A rodent is any mammal that belongs to the order Rodentia, which includes most mammals equipped with continuously growing incisor teeth that are remarkably efficient for gnawing on tough plant matter. The name rodent comes from the Latin word rodere meaning "to gnaw." Rodents live in virtually every habitat, often in close association with humans. This close association between rodents and humans is frequently detrimental to human interests, since rodents (especially rats and mice) eat huge quantities of stored food and spread serious, often fatal, diseases. There are far more members in the order Rodentia than in any other order of mammals. Nearly 40% of all mammal species belong to this order.
Some rodents such as beavers have been economically important. Others, such as guinea pigs, hamsters, and gerbils, are fun pets. However, most of the about 1,600 species (the exact number changes frequently as various groups of rodents are studied closely) play little role in human lives. Instead, they carry on their own lives in virtually every environment, rarely noticed by the humans around them.
Rodents are distinguished from other mammals primarily by their 16 teeth. Lagomorphs (rabbits and hares) also have continuously growing incisors, and they were, for many years, included among the rodents. But they have an additional pair of tiny incisors that grows just behind the big front teeth, so they are now classified in a separate order.
The two pairs of rodent incisors work together, like scissors. They grow continuously from birth and must regularly be used for gnawing to keep them worn down and sharp. They have a heavy coating of enamel on the front surface but none on the back. Because the enamel wears away more slowly than the rest of the tooth, a sharp, chisel-like edge is maintained on the gnawing teeth. If a rodent breaks one of its incisors, the animal usually soon dies because it cannot eat properly.
Unlike many mammals, rodents have no canine teeth. Instead, there is an empty space between the incisors and flat-topped cheek-teeth, or molars, at the side of the mouth. This space lets rodents suck in their cheeks or lips to shield their mouths and throats from chips flying from whatever material they are gnawing. When using their cheek-teeth to grind up the plant matter they have gnawed, rodents have special jaw muscles that keep their incisors out of the way.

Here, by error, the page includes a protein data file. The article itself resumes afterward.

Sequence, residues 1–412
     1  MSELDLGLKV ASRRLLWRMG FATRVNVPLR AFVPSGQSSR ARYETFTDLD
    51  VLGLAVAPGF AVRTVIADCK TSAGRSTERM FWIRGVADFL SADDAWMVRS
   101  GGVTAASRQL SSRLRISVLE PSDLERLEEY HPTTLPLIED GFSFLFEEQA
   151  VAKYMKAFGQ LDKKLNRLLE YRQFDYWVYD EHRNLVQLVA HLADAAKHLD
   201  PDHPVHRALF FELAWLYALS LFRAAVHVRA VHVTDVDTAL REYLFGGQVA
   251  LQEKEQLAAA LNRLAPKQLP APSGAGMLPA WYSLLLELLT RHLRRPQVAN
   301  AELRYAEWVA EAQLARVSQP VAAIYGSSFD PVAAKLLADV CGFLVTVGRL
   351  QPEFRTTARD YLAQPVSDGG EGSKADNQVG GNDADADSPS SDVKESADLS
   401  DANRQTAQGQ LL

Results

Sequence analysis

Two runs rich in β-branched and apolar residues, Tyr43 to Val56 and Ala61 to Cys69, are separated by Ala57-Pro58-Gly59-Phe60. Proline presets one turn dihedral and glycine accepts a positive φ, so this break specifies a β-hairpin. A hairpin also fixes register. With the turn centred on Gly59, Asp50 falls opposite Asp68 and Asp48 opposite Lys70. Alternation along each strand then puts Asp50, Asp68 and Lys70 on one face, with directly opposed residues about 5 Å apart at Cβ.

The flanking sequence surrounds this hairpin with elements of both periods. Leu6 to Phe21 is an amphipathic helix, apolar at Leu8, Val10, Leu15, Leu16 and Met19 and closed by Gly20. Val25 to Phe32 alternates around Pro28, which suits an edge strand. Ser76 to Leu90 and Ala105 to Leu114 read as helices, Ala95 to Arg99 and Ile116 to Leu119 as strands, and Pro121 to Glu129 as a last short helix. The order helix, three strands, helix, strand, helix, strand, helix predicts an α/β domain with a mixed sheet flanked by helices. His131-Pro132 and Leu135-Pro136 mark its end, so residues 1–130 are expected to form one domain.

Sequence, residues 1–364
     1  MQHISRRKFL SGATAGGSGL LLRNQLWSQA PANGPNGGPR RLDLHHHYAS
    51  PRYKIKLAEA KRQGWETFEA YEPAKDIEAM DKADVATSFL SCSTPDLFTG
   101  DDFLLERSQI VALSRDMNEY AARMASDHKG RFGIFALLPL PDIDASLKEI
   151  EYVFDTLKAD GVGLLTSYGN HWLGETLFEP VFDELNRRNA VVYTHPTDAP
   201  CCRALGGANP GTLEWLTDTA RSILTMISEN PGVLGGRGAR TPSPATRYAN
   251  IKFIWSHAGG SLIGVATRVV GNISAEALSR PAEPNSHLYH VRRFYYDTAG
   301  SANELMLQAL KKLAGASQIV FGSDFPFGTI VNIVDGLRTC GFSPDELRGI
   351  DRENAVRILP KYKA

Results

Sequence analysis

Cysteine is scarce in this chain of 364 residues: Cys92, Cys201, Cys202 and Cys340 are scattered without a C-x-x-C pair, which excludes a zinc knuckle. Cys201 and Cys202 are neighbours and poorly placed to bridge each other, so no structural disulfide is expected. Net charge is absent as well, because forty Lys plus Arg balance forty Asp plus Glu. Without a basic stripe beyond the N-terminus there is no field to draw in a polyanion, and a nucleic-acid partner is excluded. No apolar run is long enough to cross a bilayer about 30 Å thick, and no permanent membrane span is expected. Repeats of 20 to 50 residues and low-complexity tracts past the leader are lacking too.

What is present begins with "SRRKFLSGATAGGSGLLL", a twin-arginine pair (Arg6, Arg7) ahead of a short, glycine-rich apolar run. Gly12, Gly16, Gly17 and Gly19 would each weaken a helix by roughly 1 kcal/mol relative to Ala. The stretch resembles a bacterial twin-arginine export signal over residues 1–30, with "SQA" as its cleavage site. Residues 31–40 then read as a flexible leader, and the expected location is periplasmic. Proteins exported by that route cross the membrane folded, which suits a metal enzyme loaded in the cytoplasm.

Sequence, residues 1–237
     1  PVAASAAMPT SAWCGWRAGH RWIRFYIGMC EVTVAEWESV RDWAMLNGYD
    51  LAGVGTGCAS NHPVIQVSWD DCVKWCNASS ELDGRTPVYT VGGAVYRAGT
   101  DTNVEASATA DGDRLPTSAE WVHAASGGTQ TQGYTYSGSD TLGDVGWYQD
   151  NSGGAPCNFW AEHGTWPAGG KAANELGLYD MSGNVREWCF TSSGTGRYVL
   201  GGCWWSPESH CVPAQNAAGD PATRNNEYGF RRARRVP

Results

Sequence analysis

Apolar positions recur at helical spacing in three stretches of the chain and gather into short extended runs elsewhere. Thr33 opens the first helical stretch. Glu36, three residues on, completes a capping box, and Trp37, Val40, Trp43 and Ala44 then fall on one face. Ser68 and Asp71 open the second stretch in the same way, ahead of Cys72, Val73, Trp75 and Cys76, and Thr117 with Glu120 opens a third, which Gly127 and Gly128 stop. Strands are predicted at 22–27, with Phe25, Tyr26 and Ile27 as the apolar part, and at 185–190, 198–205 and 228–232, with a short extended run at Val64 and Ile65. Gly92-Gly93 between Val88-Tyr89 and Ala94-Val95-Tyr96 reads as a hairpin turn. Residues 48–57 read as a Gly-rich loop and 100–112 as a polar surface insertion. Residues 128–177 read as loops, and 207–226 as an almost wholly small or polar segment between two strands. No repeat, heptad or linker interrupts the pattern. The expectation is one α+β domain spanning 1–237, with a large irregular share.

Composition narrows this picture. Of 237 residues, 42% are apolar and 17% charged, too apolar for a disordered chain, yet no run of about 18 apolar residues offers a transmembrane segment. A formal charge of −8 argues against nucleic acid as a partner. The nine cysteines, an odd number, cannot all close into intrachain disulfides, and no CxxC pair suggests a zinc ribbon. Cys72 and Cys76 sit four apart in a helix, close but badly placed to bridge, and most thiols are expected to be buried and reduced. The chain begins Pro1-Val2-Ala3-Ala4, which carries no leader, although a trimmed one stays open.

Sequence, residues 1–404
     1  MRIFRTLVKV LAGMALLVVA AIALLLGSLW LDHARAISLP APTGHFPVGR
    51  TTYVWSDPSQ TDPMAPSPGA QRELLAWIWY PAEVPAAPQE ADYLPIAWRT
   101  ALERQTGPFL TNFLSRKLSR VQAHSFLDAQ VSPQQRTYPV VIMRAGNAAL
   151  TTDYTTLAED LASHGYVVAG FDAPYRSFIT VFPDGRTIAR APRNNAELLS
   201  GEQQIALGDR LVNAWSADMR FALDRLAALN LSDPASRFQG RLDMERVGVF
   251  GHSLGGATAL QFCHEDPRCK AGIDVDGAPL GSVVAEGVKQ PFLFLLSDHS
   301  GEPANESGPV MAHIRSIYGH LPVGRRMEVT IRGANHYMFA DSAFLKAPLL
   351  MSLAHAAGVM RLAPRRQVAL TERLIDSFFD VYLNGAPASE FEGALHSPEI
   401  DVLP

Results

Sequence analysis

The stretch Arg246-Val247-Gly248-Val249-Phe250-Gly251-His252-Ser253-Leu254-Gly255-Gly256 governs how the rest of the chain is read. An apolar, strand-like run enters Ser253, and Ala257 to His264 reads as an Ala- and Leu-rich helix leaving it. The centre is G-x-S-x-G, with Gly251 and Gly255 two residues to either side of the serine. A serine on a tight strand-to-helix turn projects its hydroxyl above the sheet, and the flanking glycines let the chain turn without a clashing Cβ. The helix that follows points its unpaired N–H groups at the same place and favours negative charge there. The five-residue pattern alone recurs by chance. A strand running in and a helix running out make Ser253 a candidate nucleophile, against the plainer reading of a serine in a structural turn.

Rodents are divided into three groups according to the way their jaw muscles and associated skull structures are arranged. This is very important because these muscles control gnawing.
The squirrel-like rodents (Sciuromorpha) have a very simple jaw muscle that extends onto the snout in front of the eye. This group includes the squirrels as well as such unsquirrel-like animals as beavers and pocket gophers. They are mostly found in the northern hemisphere.
The mouse-like or rat-like rodents (Myomorpha) have jaw muscles that anchor on the side of the nose. Because their jaw muscles are the most efficient, this group contains the most species and is found all over the world. It includes the mice, rats, voles, lemmings, and even the riverbank-dwelling muskrat. Two-thirds of all rodents belong to only one family in this group, the mice.
The cavy-like rodents (Caviomorpha) have very large cheekbones and muscles that anchor to the side of the face. This group includes the porcupines, as well as primarily South American mammals such as the cavy. Some fossil mammals in this group were as large as bears. The Old World members of this group are sometimes placed in a separate group called the porcupine-like rodents (Hystricomorpha).
Most rodents are very small, averaging less than 5 oz (150 g). However, the capybara, a large South American rodent, may weigh as much as 145 lb (66 kg). Rodents usually breed easily and quickly, producing large litters. This fact played a major role in their worldwide distribution. Genetic changes can develop into new species quite rapidly when animals breed so quickly. Such changes allowed rodents to take over many habitats that might not otherwise have been suitable. Rodents swim, glide, burrow, climb, and survive different uncomfortable climates.
Rodents are known to carry disease-causing agents of at least 20 important human diseases including bubonic plague. About 500 years ago, at least 25 million people died in Europe from the "black death," as the plague was called. The plague-causing bacteria (Yersinia pestis) were carried by fleas that were spread from rodents to people.
Knight, Linsay. The Sierra Club Book of Small Mammals. San Francisco: Sierra Club Books, 1993.
The International Mouse Mutagenesis Consortium. "Functional Annotation of Mouse Genome Sequences." Science 291 (February 16, 2001): 1251-1255.
Jean F. Blashfield